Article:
4. Also understand that Scrum is an agile framework. Just like the 3 question approach to the retrospective, scrum is a stepping stone to becoming agile. If you haven't, you should read the original HBR article about scrum to get a better understanding of the strengths and weaknesses of the framework. this should help you understand the 'why' behind each ceremony and allow you to better make adjustments based on your environment.

    6 months to a year from now, what you're doing should look different than scrum by-the-book. I highly recommend you start reading books to help cover the gaps in your understanding. I suggest you start with Phoenix Project and a book on writing user stories.

  5. Think of scrum as a problem finding mechanism and not a problem solving mechanism. This is why the retrospective is the most critical ceremony of scrum. DO NOT WORK AROUND PAIN POINTS. If the team says they feel like they have too many meetings, figure out why. If something took longer than expected, dig into what dependencies were missed in planning and take steps to make sure those aren't forgotten again.

    The point of a sprint is to iterate. Yes, we also get shippable increments out of a sprint and that's important, but this pales in comparison to iterating against your product (so you can fail faster and get more value to your customer) and your own development process (this is what will truly enable you to iterate faster and faster as you mature)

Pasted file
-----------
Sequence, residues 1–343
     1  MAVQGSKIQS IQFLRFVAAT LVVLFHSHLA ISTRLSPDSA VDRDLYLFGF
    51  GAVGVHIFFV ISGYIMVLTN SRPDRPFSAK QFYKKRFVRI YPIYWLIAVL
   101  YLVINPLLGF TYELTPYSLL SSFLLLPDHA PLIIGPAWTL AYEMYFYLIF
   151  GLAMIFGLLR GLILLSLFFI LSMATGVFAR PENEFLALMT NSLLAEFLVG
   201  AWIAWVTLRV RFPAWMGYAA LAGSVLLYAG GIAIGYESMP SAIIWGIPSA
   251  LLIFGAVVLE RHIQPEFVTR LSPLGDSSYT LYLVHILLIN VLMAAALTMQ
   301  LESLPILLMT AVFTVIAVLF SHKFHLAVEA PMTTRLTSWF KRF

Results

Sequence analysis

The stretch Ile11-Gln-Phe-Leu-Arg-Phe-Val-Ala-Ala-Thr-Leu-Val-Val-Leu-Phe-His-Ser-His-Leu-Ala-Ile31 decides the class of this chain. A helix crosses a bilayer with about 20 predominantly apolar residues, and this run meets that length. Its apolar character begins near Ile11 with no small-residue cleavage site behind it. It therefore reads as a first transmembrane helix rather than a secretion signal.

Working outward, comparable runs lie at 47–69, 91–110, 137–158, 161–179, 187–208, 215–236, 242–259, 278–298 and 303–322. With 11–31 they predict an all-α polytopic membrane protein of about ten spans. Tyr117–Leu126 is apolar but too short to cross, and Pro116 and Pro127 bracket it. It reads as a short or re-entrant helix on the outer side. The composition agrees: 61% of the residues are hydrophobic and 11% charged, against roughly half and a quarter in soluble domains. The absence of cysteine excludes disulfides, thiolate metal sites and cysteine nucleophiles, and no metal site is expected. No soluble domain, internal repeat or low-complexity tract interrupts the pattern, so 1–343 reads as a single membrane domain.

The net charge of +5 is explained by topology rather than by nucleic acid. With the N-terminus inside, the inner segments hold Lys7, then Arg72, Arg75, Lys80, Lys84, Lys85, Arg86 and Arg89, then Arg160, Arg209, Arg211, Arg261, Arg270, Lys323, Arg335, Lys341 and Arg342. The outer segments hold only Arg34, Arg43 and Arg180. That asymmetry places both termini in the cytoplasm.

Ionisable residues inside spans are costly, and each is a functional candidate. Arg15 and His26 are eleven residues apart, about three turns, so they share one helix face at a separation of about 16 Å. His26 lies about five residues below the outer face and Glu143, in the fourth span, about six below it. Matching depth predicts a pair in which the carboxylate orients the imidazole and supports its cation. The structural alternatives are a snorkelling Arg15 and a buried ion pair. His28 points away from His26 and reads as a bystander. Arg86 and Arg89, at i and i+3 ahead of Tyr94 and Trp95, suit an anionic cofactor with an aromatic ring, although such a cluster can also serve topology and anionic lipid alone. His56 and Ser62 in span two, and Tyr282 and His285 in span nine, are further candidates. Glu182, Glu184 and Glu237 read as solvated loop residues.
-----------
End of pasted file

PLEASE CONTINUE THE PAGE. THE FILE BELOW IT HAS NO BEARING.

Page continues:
This means you will often but heads with leadership, as better development practices often require a shift in culture. Ultimately you want to be able to have autonomous teams that are aligned to the business needs.


    Recomended reading:
u/semperagilis · 1 pointr/scrum

Excellent practice of software delivery in Scrum is an extremely difficult skill to master. Don't expect easy answers, but seek out a rigorous course of mastery. Be wary of those who flatter with easy paths to success and cherish those who challenge your ego.

Step one, and don't ignore this:

This is your first mentor. I recommend reading it once a day for 2 weeks. Ask someone to quiz you on it until you know it back wards and forwards. This is the first form, like when learning a martial art. Think on it deeply and concentrate first on what it says to do. Then just do it. If you have questions, give your sensei the benefit of the doubt and just get good at understanding and executing the basic forms.

After that, explore the "why's" behind the roles, events, artifacts and rules. For reading I recommend:

Scrum: A Pocket Guide